Terese Svoboda

Mugsy wasn't his name but it should have been. He wore a porkpie hat, according to Dad who had trouble remembering what they are called—the name's a dish. Dad's looking out at the snow rows of sheared wheat that are making up what scenery he's not slept through, and telling me about Mugsy's case. An overpass reminds him, and like the telling of any tale, several overpasses pass before Mugsy is a fish that can swim—Dad's way of saying when all the pieces start adhering, story-wise.

The porkpie hat he set way back on his head the way those Jews do. It looked like a kind of halo, if a halo had black felt and Jews wore them. Mugsy didn't take it off coming into the courtroom so the sheriff had to show him how to do his duty. He probably never removed it ever, not even for a bath—this was before showers got to be what everyone took. He stank—the whole courtroom covered their noses—all five foot and maybe five of him. But he liked the ladies and wore some of that toilet water. It was one of them who turned him in.

Dad really enjoyed being a prosecutor so long ago. It meant he met people who just went ahead and made mistakes or people who didn't see the world as a problem, especially with regard to ownership.

Mugsy cracked safes, he says. You could see it in his build, the shortness in his upper legs and his hammy arms. He looked as if you could twirl a combination lock on his chest and he would yield gold bullion right from inside himself. The legs were from getting himself around a safe and lifting.

The small banks around here—Dad points toward the end of a snowy row where nothing ever so bank-like as even a gas station interrupts the view, as if small is a distance—the banks here didn't have as much money in them then, the money sat in the back of the lumberyard or in the hardware store in a register. Not like it is now, with people running to a teller twice a day to make a deposit. They had safes on the premises that they emptied the register into. Mugsy specialized in that business-sized safe not only because he could hug one right into the back of his pickup but because he wasn't much good in the safecracking department.

Dad optimizes the suspense of his story by blowing his nose. We have just come from the track. The horses here run even in a snowstorm but just looking at a horse through the glass of the box makes Dad sneezy. I'm driving because he sneezes so often, and because when he makes his points, he has to turn completely to one side to watch my lips for my answer. When he did drive, he talked a lot but when he listened and watched he slid the truck into the snowy bumpy part, toward the bank.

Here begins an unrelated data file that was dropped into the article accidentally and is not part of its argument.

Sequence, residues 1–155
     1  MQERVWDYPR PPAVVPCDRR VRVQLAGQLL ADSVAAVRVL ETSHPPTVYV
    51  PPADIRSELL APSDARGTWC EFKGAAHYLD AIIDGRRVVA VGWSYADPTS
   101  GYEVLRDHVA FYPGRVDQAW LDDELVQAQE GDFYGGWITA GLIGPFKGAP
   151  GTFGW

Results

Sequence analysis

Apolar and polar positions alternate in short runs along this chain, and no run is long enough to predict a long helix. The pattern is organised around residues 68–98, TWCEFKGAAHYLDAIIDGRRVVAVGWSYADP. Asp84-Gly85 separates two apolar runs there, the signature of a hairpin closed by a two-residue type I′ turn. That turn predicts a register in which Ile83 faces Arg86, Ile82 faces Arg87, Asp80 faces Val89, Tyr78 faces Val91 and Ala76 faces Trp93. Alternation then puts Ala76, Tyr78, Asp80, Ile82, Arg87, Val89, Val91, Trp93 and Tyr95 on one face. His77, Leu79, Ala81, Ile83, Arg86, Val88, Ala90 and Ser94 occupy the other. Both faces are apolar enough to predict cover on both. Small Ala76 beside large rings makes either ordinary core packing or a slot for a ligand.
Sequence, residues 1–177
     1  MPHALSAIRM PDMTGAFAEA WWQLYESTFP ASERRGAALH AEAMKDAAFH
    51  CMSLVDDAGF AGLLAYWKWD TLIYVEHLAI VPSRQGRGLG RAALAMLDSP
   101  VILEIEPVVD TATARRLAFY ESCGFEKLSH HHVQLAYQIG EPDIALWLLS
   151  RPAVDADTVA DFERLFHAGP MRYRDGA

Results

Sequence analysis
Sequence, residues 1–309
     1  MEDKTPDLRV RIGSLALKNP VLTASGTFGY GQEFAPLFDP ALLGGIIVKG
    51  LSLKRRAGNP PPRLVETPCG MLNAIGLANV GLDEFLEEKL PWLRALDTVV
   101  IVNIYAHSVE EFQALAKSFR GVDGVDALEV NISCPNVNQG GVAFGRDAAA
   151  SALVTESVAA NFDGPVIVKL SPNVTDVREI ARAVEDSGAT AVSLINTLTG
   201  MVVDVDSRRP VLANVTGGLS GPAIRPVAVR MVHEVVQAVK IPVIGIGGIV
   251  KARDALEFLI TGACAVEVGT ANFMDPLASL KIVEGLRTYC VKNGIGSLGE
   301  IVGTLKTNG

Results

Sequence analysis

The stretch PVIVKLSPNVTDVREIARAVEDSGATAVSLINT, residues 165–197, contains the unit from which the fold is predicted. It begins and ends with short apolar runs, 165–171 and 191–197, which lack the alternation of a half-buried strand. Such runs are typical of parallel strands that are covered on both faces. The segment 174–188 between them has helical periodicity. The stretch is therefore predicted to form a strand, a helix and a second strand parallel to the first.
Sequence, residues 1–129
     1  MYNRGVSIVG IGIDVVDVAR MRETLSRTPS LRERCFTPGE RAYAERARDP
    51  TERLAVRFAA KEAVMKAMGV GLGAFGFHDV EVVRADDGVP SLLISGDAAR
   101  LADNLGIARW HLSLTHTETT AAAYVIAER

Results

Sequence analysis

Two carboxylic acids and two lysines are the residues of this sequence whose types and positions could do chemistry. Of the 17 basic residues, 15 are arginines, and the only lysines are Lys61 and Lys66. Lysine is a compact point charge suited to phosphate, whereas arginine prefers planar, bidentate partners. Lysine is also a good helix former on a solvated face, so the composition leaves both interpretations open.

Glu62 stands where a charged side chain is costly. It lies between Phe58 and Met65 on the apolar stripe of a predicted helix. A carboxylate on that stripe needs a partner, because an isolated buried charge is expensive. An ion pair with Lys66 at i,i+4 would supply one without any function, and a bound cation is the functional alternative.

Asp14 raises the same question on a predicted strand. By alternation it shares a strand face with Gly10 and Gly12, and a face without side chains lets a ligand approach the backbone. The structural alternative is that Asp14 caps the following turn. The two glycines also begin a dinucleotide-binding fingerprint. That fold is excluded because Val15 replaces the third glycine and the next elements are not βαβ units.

Mugsy broke the bank, Dad goes on to say. He'd haul the safes into the truck—he'd done this a couple at a time is what he said after the trial, after they got him on only one charge. He said then he'd drive the safes in the truck to an overpass, wait until all clear—no cars were coming—and throw them down one at a time to open them.

He must've had a partner to collect all the flying bills at the bottom.

Bills come in bags, says Dad. Mugsy said once his shirt tore off when a safe handle caught on it. That time he almost lost more than his shirt.

You'd never know beforehand if it were worth the trouble, I say.

It was a better bet than those horses.

What would Mugsy have done today at the track? I ask. Put a firecracker under Five?

Dad is asleep just like that. He told me to keep him up, that he didn't get so many chances to chat and not drive. Did they ever get his partner? I ask as loud as I can and still sound cordial.

Dad rubs his face awake. It was probably his wife. We didn't prosecute a wife then. She had the kids. When I asked him why he stole all those safes, he said the milkman needed the money. He used those very words. And he wore that hat.

A porkpie.

A lunch hat. Dad stares out the window while a snowy town dismembers itself alongside the highway: car parts, billboards, slow signs, implement stores.

I'll bet more on the horses next time, I say.

Thatta girl, laughs Dad. Don't be afraid to break the bank. The milkman can wait.

And he is asleep again, head to chest. I think. He turns to me with his eyes still closed. We caught him that time with a broken safe. It was empty.

That means some overpass might have a bag of bills hidden nearby from forty years ago.

You put it like that—yes. He scans the highway, blinking. A better bet than Five.

Five was a grey horse. Nobody bets on the greys, I say.

Your mother likes grey.

She's not dead yet.

I'm not a betting man.

The town breaks around us but we don't stop. She hates me, I say in somebody else's voice.

Dad appears to be asleep. He hates complainers, the world is full of them. Be different is what he liked saying.

Maybe his ear apparatus has shorted out. He's making some sound. I can't tell with his glasses whether he is feigning a noisy sleep, or sobbing.

I drive on, overpass after overpass, looking for bills.

Terese Svoboda is the author of six books of fiction. She's a 2013 Guggenheim Fellowship recipient.

Read her postcard.

See more of her work in the archive.

Detail of photo on main page courtesy of Rob Pongsajapan.

W i g l e a f               09-19-17                                [home]